A jumble of happy, concerned family members were visiting with each other and my mama as we came into Room 101 at a rehab hospital Sunday morning. My 10 year old granddaughter Natalia and husband Kent and I had not yet seen the queen, my beautiful, sweetest mama and matriarch to this clan of Thompsons. My brothers were both there, a sister-in-law, a niece, and another great-granddaughter, a 4 year old looking pretty serious.
Serious for all of us. My mom, affectionately known as Granny Bo, had fallen and broken her hip. A bright sky-blue blouse perfectly matched her headband with its knitted flower on her head…near the stitches by her eyes from a fall prior to the big fall of breaking her hip. She did look a little frail, sitting in a wheel chair, this woman who has faced the good, the bad, and the ugly of life with strength and faith throughout her nearly ninety years.
Suddenly amid the chatter, I saw her bow her head and heard a soft crying. Then she quickly looked up and said, “I’m not sad; these are happy tears. I don’t know why I am so emotional. I just feel very loved.”
It’s a wonderful feeling to be surrounded by people to whom you belong, people who have a mutual love and care for each other. Each person in the room with unique personality and gifts reached out in love. Not a one that we could have done without in the moment to show Granny Bo our love and concern.
Not everyone has social networks on a personal level. So we are grateful for each other. Each one matters.
I matter. You matter. Let’s live it out—really be there for each other. And let’s not say “It doesn’t matter”…whatever the reason we would say that. People matter. Their feelings and desires matter in large and small ways.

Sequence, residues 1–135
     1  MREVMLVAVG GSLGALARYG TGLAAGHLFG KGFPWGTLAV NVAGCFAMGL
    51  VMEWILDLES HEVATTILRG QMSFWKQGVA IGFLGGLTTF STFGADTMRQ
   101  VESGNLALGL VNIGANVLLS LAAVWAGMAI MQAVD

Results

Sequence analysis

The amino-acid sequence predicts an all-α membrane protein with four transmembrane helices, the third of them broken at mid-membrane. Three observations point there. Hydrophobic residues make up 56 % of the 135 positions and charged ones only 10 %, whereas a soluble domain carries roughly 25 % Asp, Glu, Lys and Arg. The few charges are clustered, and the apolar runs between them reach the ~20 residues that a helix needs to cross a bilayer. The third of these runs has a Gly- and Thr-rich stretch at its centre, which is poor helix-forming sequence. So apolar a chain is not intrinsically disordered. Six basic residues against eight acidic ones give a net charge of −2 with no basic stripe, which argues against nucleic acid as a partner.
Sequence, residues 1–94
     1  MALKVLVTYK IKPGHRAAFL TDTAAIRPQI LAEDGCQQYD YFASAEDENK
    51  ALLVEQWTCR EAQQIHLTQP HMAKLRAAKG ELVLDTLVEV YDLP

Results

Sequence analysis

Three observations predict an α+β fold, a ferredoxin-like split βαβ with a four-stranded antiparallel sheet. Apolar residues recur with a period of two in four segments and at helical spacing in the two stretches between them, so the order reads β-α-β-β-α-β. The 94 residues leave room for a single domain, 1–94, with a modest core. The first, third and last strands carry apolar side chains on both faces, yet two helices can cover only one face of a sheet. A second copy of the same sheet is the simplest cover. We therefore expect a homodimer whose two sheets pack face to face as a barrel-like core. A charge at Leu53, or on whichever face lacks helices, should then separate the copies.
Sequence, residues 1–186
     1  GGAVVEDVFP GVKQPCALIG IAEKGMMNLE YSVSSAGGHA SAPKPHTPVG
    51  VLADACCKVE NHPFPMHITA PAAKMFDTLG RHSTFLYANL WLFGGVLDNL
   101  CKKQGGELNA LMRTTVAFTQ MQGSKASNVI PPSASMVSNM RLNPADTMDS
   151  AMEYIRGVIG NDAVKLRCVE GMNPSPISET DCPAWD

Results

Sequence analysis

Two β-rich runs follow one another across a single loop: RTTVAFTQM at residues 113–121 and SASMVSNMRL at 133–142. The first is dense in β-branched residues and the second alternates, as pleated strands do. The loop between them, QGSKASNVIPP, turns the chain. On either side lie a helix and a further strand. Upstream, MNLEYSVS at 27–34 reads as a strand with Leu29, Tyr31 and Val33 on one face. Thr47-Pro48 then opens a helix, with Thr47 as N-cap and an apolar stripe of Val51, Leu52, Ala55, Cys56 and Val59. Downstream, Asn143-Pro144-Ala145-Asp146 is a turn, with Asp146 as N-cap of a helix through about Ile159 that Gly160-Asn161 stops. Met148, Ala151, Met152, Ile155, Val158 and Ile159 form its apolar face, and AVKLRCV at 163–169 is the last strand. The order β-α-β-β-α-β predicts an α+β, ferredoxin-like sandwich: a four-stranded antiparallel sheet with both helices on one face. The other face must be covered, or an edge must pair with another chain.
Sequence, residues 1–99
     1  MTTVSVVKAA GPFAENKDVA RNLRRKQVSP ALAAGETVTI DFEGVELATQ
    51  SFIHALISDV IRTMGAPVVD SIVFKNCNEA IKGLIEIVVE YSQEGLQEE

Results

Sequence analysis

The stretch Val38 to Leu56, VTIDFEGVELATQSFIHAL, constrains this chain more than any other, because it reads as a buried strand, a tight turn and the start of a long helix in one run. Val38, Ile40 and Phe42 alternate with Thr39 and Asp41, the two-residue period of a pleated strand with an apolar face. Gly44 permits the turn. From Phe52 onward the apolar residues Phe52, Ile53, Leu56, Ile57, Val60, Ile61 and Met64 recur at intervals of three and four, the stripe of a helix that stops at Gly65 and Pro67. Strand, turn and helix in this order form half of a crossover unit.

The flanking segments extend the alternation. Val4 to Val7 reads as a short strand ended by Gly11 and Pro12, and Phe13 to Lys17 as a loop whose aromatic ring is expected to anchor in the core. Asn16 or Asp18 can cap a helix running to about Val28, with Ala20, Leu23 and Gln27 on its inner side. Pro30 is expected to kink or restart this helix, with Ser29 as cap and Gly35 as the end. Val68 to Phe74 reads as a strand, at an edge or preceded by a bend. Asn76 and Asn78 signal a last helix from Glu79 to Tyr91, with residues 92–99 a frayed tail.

Somehow somewhere along the way of life I got the idea that I don’t matter, that it matters not whether I show up since others more talented, effective or whatever, are there, ready and willing to show up.
For so long I did not realize the sacred beauty of each individual, including myself. Illness got my attention and ironically as I found myself rejecting myself, God got a hold on my attention and let me know that He cared about what I was going through, that He cared about me as a person, that He was really involved in the details of life when I had mistakenly believed He was absent or distant or simply not caring about me and my stuff.
The pressures of pain, the fears of what I didn’t understand going on in my body or what might lay ahead in the future suddenly constricted me to this narrow place. It was dark and lonely there.
But the Lord showed up in my small space, kind and compassionate, wise in counsel and understanding of my abundant and varied emotions-fear, anger, frustration, semi-trust, humility and pride, joy, unhappiness, peace, and anxiety.
I began to be loved so I could believe I matter and others matter, and I could really love from an anchored place of being loved.
So Mama had a moment, overwhelmed with gratitude for God’s care, especially shown in her family just being there. Love was there. People, God, a lot of love. Because she matters. We all do matter. Really.